- Social Security Administration
- Department of State (Passports)
- Department of Motor Vehicles (ID’s & Licenses)
- Insurance Providers
- Doctors/ Hospitals
- Child Care Providers
What if a parent disagrees with the change?
A parent disagreeing with the change presents a significant hurdle in the process.
If a minor has two living parents who do not join in the application for a name change, then the name change process becomes much more complicated.
In this case, you would begin by filing the same application as above. You would then have to take the application to the court clerk and have the application served with reasonable notice of the application to the child’s other parent.
If the parent objects to changing your child’s name, then a hearing will be held to determine whether the name change is in the best interest of your child.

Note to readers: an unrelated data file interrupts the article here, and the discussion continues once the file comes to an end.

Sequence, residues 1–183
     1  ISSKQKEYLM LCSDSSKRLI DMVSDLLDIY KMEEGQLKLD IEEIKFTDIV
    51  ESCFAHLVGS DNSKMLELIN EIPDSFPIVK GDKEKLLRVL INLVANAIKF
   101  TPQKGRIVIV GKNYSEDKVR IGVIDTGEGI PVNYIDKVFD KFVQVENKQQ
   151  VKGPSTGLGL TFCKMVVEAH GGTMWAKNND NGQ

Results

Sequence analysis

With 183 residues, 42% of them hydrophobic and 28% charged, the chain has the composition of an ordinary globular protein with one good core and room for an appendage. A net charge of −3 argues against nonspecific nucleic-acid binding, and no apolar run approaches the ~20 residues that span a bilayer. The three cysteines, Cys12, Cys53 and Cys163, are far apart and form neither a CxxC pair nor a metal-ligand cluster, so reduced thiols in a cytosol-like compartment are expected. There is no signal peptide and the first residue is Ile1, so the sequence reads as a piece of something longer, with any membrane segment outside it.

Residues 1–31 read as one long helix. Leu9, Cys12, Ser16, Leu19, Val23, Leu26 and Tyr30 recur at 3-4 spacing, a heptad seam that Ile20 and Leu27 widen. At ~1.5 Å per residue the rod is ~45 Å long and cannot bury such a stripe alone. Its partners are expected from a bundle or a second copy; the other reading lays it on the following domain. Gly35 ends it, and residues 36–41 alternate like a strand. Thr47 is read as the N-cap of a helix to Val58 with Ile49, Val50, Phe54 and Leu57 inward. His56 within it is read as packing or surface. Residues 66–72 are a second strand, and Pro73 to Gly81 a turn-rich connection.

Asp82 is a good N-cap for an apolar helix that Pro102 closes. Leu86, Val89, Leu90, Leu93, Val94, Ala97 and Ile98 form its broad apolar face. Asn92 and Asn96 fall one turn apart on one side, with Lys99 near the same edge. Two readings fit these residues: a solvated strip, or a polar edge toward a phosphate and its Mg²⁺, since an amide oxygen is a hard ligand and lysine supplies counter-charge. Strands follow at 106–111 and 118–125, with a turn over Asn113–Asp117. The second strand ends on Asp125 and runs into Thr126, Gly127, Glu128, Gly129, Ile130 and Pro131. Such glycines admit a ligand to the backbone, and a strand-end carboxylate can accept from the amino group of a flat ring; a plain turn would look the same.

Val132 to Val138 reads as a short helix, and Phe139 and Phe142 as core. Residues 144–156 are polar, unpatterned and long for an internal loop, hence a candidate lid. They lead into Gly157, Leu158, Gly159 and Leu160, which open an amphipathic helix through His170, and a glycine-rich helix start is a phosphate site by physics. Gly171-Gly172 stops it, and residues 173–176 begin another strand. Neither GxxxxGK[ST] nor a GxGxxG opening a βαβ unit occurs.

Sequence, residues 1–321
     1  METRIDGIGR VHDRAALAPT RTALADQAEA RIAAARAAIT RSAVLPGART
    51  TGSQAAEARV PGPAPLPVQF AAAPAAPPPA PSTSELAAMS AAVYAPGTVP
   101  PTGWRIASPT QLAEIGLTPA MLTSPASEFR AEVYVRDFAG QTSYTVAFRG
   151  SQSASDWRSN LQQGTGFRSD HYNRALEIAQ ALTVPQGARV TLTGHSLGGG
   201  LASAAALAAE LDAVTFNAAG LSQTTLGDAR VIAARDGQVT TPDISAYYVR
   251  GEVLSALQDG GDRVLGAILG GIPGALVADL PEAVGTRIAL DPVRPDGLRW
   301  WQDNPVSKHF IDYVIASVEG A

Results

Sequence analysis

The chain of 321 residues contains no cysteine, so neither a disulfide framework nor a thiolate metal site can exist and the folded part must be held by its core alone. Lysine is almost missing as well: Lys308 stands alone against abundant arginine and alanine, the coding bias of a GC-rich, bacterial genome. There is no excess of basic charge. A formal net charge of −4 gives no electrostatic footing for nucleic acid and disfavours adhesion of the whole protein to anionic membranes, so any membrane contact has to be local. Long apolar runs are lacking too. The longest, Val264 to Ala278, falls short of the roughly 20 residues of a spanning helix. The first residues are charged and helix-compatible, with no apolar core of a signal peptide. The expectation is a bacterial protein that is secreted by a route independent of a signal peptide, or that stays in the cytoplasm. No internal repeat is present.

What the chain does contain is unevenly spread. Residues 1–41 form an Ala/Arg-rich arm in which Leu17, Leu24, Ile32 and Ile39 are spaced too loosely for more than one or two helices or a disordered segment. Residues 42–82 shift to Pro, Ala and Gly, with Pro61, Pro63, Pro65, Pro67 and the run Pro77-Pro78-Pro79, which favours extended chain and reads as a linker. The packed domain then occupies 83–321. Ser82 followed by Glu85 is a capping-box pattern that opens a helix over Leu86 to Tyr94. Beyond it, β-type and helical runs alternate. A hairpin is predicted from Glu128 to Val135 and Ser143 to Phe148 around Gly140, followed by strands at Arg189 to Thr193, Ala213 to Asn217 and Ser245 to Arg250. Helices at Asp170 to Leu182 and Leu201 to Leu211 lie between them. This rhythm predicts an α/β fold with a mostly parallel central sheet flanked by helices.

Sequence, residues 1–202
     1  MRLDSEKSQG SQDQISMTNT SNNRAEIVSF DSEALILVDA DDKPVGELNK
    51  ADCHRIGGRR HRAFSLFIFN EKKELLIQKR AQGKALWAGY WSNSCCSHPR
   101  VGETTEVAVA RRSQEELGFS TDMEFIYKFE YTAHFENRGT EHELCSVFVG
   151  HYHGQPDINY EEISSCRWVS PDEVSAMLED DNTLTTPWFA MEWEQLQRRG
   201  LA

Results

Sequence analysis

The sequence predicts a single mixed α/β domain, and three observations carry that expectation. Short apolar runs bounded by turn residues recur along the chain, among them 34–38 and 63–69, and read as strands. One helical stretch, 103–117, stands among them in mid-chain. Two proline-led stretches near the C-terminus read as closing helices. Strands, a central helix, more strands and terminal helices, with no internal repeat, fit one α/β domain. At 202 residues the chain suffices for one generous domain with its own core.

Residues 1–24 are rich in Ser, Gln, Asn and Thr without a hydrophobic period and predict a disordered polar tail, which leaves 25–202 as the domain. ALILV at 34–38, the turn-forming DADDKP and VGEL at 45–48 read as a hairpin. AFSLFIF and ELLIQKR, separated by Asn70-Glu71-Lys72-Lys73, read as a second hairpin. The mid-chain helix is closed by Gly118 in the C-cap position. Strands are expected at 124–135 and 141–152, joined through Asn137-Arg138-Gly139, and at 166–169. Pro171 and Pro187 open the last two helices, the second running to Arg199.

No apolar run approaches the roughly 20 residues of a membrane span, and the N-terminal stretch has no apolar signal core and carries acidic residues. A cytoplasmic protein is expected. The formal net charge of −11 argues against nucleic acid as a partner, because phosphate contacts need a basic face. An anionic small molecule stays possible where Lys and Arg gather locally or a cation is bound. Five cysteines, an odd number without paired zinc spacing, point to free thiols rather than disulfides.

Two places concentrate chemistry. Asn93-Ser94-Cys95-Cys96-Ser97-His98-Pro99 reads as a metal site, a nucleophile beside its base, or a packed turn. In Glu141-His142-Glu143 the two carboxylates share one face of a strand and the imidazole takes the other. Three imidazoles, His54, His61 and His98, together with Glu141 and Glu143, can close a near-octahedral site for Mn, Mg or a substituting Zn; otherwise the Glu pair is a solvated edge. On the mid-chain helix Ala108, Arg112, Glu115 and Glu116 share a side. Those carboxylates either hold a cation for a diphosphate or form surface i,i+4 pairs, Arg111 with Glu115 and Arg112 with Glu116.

There are a few situations where the notice requirement can be waived, the most significant of which is regarding instances where notifying the other parent of the child’s name change would threaten the well-being of the child.
Under Virginia law, the court may waive the requirement to provide notice when such notice “would present a serious threat to the health and safety of the applicant.”
What if the child has no living parents?
If the child has no living parent, then you can fill out the application as their “next friend.” This is a term that basically means “any adult sufficiently close to the minor, as decided by the court.”
For example, a family doctor, long-time friend of the child’s parents, or a sufficiently close family member.
The application process to change your child’s name is an easy one, but dealing with bureaucracy or the legal system can be a nightmare.
If you need assistance changing your child’s name or fighting an application to change your child’s name, then consider contacting us today for a consultation with one of our experienced family law attorneys.